'Friends' reunion is all we have wanted for years, but HBO Max version better have more racial diversity and LGBTQ representation
For many, many years now, we have been craving for a 'Friends' something - a reunion, reboot, or special. We have loved this show unconditionally for years, but it wasn't until 'Friends' was added to the Netflix library and the Millenials and Gen Z saw it for the first time, that we realized just how problematic some of its jokes are, and how it certainly hasn't aged well with time. And, of course, there was Jay Z's 'Moonlight, which premiered in 2017, and is seen as somewhat of a meta nod to the widely-held theory that 'Friends', which premiered in 1994, was merely a white-washed version of 'Living Single' which premiered in 1993 and had a predominantly African American cast.
So yes, the iconic NBC show is not without its problems, and yet it entertained us in real-time for ten years and for years after that, making us laugh on the days we are feeling low and making us believe that they will be there for us. It is only natural that we want to relive those feelings again, but even those of us who grew up on 'Friends' have outgrown those insensitive jabs about Chandler's (Mathew Perry) drag queen father, unwarranted fat-shaming of Monica (Courtney Cox), repeated complicity of Joey's (Matt LeBlanc) sexism and so on.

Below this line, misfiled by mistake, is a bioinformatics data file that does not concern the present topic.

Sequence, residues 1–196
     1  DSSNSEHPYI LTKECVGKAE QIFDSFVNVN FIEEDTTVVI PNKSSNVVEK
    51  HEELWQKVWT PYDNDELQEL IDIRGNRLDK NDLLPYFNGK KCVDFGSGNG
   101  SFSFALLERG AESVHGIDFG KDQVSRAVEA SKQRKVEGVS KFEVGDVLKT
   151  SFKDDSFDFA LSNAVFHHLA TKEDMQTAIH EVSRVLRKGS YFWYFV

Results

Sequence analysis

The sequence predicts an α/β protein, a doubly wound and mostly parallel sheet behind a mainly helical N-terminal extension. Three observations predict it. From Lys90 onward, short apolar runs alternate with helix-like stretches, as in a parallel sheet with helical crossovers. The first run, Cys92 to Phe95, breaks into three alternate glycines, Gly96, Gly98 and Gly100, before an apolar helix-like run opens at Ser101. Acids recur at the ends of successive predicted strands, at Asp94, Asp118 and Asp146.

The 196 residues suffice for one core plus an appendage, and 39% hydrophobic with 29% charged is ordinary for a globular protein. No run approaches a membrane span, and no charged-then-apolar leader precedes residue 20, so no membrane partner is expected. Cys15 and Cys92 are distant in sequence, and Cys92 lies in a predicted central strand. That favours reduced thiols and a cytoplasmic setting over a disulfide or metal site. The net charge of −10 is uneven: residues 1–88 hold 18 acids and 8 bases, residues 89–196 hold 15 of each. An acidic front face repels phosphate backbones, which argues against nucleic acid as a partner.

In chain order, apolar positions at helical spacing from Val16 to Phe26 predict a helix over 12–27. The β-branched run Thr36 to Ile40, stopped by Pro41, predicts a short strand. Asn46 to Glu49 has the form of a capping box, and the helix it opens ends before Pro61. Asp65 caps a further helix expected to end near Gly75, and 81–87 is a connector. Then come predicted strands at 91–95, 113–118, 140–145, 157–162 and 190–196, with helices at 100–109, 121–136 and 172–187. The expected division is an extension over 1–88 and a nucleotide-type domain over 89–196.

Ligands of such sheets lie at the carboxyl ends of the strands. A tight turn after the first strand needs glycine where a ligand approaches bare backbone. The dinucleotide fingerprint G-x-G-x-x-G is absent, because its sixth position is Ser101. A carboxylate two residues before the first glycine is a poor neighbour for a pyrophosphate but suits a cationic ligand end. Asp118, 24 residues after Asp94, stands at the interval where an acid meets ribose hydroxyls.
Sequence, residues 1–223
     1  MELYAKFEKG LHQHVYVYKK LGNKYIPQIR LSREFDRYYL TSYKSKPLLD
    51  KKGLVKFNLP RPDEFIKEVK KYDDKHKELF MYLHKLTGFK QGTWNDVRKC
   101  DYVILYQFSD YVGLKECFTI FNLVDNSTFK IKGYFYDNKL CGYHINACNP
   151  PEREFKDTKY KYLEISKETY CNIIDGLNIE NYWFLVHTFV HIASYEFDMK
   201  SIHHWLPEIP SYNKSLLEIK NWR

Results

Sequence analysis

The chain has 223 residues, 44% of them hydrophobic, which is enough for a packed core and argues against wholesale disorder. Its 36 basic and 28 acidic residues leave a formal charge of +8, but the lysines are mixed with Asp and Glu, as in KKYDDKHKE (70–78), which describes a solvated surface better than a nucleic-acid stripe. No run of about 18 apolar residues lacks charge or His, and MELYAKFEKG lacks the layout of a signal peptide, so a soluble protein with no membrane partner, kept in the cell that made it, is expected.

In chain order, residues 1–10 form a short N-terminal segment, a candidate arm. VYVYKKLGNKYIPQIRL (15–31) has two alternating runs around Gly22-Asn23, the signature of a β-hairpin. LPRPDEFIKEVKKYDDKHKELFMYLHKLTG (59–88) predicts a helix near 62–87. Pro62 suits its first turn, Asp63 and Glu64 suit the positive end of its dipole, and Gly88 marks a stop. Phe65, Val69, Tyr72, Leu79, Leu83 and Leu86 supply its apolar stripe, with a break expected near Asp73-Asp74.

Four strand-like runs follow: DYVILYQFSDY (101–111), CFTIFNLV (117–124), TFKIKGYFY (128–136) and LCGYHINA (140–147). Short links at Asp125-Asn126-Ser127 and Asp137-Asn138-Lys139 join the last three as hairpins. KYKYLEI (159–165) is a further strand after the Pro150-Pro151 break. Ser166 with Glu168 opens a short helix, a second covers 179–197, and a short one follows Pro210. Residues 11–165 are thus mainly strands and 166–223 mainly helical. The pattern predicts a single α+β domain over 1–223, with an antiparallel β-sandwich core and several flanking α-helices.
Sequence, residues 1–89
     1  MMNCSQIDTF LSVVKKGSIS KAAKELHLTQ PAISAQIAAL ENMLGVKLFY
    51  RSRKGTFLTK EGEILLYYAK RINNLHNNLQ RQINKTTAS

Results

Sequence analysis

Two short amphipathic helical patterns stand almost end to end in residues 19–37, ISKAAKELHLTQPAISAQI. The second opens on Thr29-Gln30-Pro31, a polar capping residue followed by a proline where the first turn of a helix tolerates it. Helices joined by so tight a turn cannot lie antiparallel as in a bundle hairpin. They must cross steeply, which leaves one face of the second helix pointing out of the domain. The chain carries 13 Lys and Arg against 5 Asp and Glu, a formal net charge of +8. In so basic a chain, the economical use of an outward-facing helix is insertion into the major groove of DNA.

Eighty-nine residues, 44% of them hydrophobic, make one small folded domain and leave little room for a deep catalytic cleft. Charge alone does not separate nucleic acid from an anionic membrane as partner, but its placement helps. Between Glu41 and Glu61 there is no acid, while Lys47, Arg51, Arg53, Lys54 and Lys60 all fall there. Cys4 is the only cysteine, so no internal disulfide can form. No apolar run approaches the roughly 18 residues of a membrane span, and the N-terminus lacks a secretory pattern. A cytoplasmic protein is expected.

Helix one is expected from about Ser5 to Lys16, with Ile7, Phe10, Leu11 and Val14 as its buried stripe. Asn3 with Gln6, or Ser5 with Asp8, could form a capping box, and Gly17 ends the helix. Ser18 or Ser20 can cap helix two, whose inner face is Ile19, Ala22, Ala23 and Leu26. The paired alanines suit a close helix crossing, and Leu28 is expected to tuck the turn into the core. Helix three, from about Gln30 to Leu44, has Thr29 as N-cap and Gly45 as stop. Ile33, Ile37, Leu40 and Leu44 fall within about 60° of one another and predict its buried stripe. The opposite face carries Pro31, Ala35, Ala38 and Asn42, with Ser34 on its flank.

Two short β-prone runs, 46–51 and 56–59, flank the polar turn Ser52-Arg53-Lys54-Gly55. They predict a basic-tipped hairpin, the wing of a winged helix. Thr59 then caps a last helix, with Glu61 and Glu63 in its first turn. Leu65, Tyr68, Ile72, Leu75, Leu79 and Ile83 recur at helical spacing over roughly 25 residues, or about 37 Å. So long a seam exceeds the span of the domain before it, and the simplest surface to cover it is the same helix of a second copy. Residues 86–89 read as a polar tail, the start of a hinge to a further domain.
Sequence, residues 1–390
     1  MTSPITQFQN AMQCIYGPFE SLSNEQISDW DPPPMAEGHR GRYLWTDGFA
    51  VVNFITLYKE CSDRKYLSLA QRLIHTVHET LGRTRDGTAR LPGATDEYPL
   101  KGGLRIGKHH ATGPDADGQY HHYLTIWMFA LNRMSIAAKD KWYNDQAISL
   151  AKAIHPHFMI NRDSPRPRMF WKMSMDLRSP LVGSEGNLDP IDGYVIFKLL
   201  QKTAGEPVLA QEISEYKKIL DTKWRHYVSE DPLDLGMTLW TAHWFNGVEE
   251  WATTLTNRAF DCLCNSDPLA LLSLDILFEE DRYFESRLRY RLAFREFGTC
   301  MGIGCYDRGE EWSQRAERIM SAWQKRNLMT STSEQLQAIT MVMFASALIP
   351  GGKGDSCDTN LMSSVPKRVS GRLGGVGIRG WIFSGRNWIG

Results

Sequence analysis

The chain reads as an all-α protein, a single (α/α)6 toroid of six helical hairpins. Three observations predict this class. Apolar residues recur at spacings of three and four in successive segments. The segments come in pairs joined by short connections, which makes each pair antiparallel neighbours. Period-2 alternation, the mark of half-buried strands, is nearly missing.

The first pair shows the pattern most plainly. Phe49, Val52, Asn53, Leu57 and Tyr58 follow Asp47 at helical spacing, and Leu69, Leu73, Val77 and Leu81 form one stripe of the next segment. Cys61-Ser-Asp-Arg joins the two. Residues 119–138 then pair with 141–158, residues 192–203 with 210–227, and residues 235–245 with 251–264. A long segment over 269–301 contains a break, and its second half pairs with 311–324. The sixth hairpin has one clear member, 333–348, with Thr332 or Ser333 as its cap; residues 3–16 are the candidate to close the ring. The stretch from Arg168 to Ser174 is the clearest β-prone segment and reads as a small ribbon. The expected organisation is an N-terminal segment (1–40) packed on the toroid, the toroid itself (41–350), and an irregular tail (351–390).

When the show does return in - hopefully - 2020 for an HBO Max audience, we should hope that it is rich in diversity without it being about tokenism. It is unfathomable that this group of friends who live in New York, the melting pot of America, hasn't made friends with more diverse backgrounds. Even more so, it is difficult to believe that they haven't even interacted with people of different sexualities, sexual identities, and races for them to know better than to make jokes about them. It may have flown in the 90s and 2000s, but it definitely isn't going to in the current day and age.
We hope that Chandler's father gets the respect he deserves, his mother is not shamed for wanting to engage in relationships with men younger than her, Monica is not made to feel ashamed about her childhood eating habits, Rachel (Jennifer Aniston) is not made to feel guilty about wanting a life beyond being Ross' girlfriend or wife, Chandler is not chided for being sensitive about crying, Joey is not made to feel like the man because of the number of women he has slept with, and Phoebe (Lisa Kudrow)is encouraged to go for therapy.